The mechanism underlying EBV infection in the gastric mucosal epithelium remains unclear, while the viral receptor molecule for CD21 in B lymphocytes is not expressed on epithelial cells. Because co-cultivation of virus-producing lymphocytes demonstrates a much greater efficiency of infection (up to 800-fold) compared to cell-free infection, direct cell-to-cell contact between B lymphocytes and gastric epithelial cells is the most likely model to explain how EBV infects epithelial cells in vivo (Figure 2). This hypothesis supports histopathological data showing that the background mucosa of EBV+ gastric cancer presents atrophic gastritis with lymphocyte infiltration due to H. pylori infection. However, it remains unclear whether chronic inflammation with H. pylori is a prerequisite for EBV to infect gastric epithelial cells.
EBV+ gastric cancer forms a distinct subgroup of gastric cancer. Previous reports have indicated that promoter methylation is observed more frequently in EBV+ gastric cancers than in EBV gastric cancers, despite analyzing a limited number of cancer-associated genes[120-122]. We performed a comprehensive analysis of promoter methylation in clinical gastric cancers and found that gastric cancers clustered into three distinct subgroups. Interestingly, EBV+ gastric cancers displayed an extremely high methylation phenotype, termed the EBV+ epigenotype. Moreover, genes specifically methylated in EBV+ gastric cancers were shown to expand not only within PRC-target genes in ES cells but also to non-PRC-target genes. This result implies that EBV+ gastric cancer is methylated via a unique mechanism(s). Subsequently, to clarify the causal role of EBV infection, we performed in vitro EBV infection experiments in low-methylation MKN7 gastric cancer cells to determine whether these cells would acquire extensive methylation and, as a result, the EBV+-specific methylation epigenotype. The induced methylation repressed multiple genes, including multiple tumor-suppressor genes, suggesting a role for EBV in tumorigenesis.
The inducer of aberrant DNA methylation remains elusive. EBV exists in three latent forms defined by the expression pattern of latent genes. Lymphoblastoid cell line (LCL) and transformed primary B lymphocytes infected with EBV express all latent genes, LMPs (1, 2A, 2B), EBNAs (1, 2, 3A, 3B, 3C, LP), EBERs (1, 2), and BARTs, and this expression program is referred to as type III latency. In contrast, Burkitt’s lymphoma shows type I latency, with the minimum expression of EBNA1, EBERs, and BARTs only. Type II latency, in which LMP1 and LMP2 are expressed in addition to latency I genes, is observed in EBV-associated Hodgkin lymphoma, peripheral natural killer/T-cell lymphoma, and nasopharyngeal carcinoma. EBV+ gastric cancer shows type I (or II) latency and expresses EBNA1, EBERs, BARTs, and LMP2A[105,111,123].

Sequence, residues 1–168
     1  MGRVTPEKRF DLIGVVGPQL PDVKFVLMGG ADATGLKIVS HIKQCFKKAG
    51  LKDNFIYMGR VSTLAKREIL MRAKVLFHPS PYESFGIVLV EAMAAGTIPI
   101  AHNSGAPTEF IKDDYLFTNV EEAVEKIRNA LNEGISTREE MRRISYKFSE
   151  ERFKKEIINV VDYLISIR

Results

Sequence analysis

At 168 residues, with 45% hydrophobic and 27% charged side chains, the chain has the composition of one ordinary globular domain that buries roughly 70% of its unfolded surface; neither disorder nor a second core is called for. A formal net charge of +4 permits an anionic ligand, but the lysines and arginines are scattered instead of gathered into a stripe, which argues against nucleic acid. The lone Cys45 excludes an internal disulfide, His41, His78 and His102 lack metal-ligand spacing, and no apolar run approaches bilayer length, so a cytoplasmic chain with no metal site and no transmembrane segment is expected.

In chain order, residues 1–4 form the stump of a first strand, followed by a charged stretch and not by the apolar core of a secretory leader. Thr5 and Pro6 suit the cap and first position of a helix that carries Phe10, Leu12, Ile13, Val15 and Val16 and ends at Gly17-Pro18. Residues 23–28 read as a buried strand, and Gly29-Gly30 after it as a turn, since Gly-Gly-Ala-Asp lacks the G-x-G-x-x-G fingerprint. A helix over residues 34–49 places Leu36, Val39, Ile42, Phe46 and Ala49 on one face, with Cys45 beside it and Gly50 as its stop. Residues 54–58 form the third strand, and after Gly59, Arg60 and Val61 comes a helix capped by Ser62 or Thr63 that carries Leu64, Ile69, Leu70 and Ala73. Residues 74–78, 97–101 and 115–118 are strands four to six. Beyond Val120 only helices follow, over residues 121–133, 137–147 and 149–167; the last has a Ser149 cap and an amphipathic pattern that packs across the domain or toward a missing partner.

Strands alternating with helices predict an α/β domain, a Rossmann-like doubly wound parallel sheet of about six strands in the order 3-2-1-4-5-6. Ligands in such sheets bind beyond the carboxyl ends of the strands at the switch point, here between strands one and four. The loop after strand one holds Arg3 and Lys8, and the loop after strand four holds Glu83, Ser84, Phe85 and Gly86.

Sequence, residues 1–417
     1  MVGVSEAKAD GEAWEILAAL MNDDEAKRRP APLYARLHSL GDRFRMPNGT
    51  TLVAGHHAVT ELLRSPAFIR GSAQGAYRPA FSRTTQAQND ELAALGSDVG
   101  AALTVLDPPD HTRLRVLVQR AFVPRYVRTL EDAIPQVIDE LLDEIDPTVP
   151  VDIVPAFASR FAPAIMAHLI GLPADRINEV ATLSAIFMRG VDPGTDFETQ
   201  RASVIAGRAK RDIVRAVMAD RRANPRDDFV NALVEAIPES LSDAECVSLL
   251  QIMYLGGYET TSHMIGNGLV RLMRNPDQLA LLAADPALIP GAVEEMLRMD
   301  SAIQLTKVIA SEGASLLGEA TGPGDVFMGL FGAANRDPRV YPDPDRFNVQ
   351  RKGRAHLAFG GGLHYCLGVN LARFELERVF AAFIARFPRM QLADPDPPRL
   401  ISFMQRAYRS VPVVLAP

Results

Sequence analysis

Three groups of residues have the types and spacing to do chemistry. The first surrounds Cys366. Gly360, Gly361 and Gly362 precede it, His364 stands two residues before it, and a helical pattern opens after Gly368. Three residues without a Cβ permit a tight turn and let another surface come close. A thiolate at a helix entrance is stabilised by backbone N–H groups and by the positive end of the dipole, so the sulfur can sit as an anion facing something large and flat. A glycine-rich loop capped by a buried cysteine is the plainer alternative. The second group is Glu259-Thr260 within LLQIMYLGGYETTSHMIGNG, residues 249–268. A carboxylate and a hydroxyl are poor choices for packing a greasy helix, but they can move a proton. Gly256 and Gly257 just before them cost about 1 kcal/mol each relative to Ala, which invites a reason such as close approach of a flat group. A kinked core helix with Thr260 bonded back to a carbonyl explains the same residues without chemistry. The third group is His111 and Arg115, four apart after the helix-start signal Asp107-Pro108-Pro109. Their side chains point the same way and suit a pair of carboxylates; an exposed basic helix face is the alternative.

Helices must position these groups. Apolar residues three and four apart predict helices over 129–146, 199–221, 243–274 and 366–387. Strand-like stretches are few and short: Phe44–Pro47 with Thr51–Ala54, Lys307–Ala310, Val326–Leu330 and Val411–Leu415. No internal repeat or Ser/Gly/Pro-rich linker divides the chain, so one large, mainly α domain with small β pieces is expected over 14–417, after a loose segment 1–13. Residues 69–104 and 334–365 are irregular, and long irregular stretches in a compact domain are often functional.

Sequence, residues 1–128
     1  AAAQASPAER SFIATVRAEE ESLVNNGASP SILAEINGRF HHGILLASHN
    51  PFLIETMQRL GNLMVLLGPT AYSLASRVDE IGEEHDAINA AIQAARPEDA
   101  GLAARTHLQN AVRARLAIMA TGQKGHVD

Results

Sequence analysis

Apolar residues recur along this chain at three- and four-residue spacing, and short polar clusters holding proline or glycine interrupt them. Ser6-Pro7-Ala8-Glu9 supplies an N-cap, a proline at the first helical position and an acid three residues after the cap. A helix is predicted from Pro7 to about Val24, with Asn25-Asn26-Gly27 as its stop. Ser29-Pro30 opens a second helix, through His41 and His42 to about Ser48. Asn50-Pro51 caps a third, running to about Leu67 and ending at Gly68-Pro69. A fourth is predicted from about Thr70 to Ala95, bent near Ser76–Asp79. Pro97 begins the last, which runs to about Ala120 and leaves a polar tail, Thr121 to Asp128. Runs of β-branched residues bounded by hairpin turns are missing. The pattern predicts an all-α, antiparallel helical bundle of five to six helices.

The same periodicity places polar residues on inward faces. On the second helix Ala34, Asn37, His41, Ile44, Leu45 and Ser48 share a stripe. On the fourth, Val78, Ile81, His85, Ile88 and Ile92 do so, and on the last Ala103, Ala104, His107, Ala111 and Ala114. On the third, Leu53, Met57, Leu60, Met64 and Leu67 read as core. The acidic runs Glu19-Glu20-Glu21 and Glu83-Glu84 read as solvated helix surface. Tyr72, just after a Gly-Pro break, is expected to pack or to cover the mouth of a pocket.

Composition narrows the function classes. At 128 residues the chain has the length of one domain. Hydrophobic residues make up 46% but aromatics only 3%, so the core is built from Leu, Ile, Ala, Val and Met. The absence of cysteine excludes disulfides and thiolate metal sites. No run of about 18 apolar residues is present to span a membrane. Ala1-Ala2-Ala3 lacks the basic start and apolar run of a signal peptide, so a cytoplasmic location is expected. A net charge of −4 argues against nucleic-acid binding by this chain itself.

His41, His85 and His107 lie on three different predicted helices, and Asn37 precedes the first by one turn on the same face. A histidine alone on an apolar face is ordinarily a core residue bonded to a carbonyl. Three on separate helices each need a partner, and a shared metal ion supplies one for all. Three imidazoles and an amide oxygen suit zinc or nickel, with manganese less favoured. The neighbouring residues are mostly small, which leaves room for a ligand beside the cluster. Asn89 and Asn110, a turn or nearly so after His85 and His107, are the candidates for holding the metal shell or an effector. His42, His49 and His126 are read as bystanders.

Several studies have elucidated the function of latent genes for promoter methylation. LMP1 was reported to down-regulate CDH1 gene expression and induce cell migration using cellular DNA methylation machinery[124,125]. LMP2A plays an essential role in epigenetic abnormalities by inducing promoter methylation of PTEN. EBER1 and EBER2 are small non-coding RNAs of approximately 170 bases in length that are abundantly expressed in the nuclei of latently infected cells, up to 107 copies per cell. Although some oncogenic properties of EBERs have been reported, such as the contribution of efficient growth transformation of B lymphocytes[127,128] or the induction of insulin-like growth factor 1 (IGF-I) acting as an autocrine growth factor in gastric cancer or nasopharyngeal carcinoma cells[129,130], the distinct influence of epigenetic modification remains unclear. Moreover, while these viral genes may play a role in aberrant methylation, methylation induction at the genome-wide scale, which can result from EBV infection, has not been demonstrated through the forced expression of any viral gene.
Rather than viral factors, host cellular mechanisms may play more important roles in the induction of aberrant methylation. In type I latency, while host cells induce dense methylation in the viral genome to silence most viral genes, the host genome itself is also extensively hypermethylated[131,132]. In type III latency, such as LCL, neither the viral genome nor the host cellular genome is significantly hypermethylated, and this observation implies that a host-driven mechanism that induces DNA methylation in the viral genome may affect methylation of the host genome. Recent exome sequencing analysis demonstrated that ARID1A was frequently mutated in EBV+ gastric cancer[8,133], and other chromatin remodelers were also mutated. While it is not known whether mutation of these genes is causally associated with aberrant methylation in EBV+ gastric cancer, these chromatin remodelers may play a role in protecting the epigenomic status of the host genome from the pressure of methylation induction. Further investigation is necessary to clarify the roles of host cellular factors in methylation induction.
In gastric carcinogenesis, aberrant promoter methylation plays a major role by inactivating tumor-suppressor genes. Two pathogens, H. pylori and EBV, may contribute to carcinogenesis through the induction of aberrant methylation in gastric epithelial cells, although further study is necessary to elucidate the detailed molecular mechanisms underlying the induction of aberrant promoter methylation in response to infection with these two pathogens. Understanding these mechanisms could clarify the process of gastric carcinogenesis, and application of this knowledge for clinical use could aid in diagnosis, risk management, and prevention. Epigenetic aberrations can accumulate at early stages of carcinogenesis, preceding genomic mutations in polyclonal tissues; aberrant DNA methylation is therefore a powerful biomarker for the early detection of cancers and/or cancer risk. Moreover, from prophylactic or therapeutic viewpoints, aberrant DNA methylation could represent an attractive target due to its reversible nature. For example, a patient with persistent DNA methylation after H. pylori eradication might be a candidate for demethylation therapy to prevent gastric cancer. Moreover, in EBV+ gastric cancers, aberrations in chromatin remodeling factors in background fields may promote EBV infection or carcinogenesis and could represent a target for the prevention of EBV+ gastric cancer.